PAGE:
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Environmental Group Concerned New Energy Plan Isn't Enough


Environmental groups say they’re concerned the legislature will create a watered-down statewide energy efficiency program to replace the program eliminated earlier this year.

Lawmakers voted last session to eliminate the program known as Energizing Indiana amid concerns about its rising costs.  Governor Mike Pence pledged to bring legislators a new energy efficiency proposal in the upcoming session, one crafted by the Utility Regulatory Commission. 

Hoosier Environmental Council executive director Jesse Kharbanda says the proposed plan would not require utility companies to meet energy savings goals and leaves out large industrial customers entirely.  He says the proposal could hurt the state not just environmentally but economically.

“I can tell you from talking to companies off the record that some companies are not interested in Indiana, will not invest in Indiana from an efficiency perspective because there is no longer a mandatory, comprehensive efficiency program.”

But Indianapolis Republican Jim Merritt, who’s helping lead the Senate on the issue, says even without an efficiency program in place for next year, utility companies created their own.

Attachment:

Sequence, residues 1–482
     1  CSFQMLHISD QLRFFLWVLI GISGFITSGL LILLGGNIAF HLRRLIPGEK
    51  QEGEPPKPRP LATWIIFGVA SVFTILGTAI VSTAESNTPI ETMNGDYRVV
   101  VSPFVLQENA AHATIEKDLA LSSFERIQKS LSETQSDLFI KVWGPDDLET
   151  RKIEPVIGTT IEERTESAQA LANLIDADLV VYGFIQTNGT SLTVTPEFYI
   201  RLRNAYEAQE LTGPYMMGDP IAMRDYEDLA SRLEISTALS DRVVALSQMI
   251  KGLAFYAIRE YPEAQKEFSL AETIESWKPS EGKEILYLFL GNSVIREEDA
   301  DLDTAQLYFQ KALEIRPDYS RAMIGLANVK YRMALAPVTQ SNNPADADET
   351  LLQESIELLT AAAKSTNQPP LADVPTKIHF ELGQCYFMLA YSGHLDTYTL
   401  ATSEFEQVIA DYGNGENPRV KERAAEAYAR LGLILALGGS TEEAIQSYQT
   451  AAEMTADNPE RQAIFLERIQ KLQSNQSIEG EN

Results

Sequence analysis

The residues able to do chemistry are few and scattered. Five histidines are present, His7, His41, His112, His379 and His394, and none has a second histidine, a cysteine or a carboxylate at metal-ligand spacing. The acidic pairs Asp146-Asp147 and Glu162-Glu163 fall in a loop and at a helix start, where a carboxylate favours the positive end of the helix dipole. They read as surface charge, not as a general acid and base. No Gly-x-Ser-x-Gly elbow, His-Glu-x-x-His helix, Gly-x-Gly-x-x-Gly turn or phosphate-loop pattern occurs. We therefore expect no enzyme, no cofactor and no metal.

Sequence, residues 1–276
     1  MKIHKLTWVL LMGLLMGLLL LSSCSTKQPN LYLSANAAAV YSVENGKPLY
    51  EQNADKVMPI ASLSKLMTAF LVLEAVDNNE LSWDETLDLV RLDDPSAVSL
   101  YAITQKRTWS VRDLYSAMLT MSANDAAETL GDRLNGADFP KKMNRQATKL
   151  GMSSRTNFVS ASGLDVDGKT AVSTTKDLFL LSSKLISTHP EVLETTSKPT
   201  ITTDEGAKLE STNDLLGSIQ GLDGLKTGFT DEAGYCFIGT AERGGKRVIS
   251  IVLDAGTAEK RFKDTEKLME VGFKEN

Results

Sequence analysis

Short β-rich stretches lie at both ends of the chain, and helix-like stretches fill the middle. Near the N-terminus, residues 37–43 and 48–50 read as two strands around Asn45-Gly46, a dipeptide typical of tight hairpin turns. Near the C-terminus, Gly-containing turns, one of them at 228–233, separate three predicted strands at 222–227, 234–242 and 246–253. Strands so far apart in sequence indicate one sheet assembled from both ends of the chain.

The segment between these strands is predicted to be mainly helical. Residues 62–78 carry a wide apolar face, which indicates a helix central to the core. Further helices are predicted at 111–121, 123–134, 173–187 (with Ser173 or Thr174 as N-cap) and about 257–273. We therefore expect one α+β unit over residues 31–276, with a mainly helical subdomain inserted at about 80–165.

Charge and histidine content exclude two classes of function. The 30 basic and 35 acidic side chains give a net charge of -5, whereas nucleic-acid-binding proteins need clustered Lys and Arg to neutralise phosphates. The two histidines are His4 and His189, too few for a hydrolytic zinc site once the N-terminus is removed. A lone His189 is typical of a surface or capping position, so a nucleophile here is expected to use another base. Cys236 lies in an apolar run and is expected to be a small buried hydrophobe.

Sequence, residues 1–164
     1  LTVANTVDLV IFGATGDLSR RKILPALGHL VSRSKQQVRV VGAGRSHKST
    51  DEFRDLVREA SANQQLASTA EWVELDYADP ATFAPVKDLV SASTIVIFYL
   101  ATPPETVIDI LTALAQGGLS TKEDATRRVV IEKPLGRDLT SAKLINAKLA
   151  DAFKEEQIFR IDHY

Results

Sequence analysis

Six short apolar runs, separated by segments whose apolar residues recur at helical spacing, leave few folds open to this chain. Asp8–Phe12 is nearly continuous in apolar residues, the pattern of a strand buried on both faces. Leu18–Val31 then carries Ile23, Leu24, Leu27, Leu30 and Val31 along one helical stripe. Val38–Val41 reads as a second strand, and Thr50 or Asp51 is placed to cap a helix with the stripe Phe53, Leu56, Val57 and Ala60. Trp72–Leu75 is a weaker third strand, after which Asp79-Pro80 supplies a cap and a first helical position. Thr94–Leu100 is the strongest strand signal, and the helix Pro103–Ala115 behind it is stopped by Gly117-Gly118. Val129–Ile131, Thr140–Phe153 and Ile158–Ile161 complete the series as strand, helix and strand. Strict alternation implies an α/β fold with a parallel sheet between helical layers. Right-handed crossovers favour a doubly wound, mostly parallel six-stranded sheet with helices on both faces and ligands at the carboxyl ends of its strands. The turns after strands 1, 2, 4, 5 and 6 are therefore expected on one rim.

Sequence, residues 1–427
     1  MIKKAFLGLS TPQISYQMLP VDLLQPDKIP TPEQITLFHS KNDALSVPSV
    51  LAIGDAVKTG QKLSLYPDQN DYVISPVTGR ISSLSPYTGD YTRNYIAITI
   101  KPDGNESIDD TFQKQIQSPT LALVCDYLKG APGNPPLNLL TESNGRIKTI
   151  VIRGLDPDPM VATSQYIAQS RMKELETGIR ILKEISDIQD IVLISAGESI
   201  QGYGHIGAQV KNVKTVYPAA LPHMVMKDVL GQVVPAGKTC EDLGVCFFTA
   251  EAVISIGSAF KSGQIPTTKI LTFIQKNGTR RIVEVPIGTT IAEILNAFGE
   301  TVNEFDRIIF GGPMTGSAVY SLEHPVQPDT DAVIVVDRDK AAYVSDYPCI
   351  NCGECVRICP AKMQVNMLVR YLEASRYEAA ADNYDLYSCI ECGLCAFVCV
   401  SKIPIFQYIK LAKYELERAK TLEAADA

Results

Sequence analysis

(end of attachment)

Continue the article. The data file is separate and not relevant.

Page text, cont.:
“They take this very seriously and thus having something where it’s mandatory just doesn’t make sense,” Merritt said. “It’s voluntary but they believe that it’s a part of their role in the state of Indiana.”

The legislative session begins in January.

Brandon Smith is excited to be working for public radio in Indiana. He has previously worked in public radio as a reporter and anchor in mid-Missouri for KBIA Radio out of Columbia. Prior to that, he worked for WSPY Radio in Plano, Illinois as a show host, reporter, producer and anchor. His first job in radio was in another state capitol, in Jefferson City, Missouri, as a reporter for three radio stations around Missouri. Brandon graduated from the University of Missouri-Columbia with a Bachelor of Journalism in 2010, with minors in political science and history. He was born and raised in Chicago.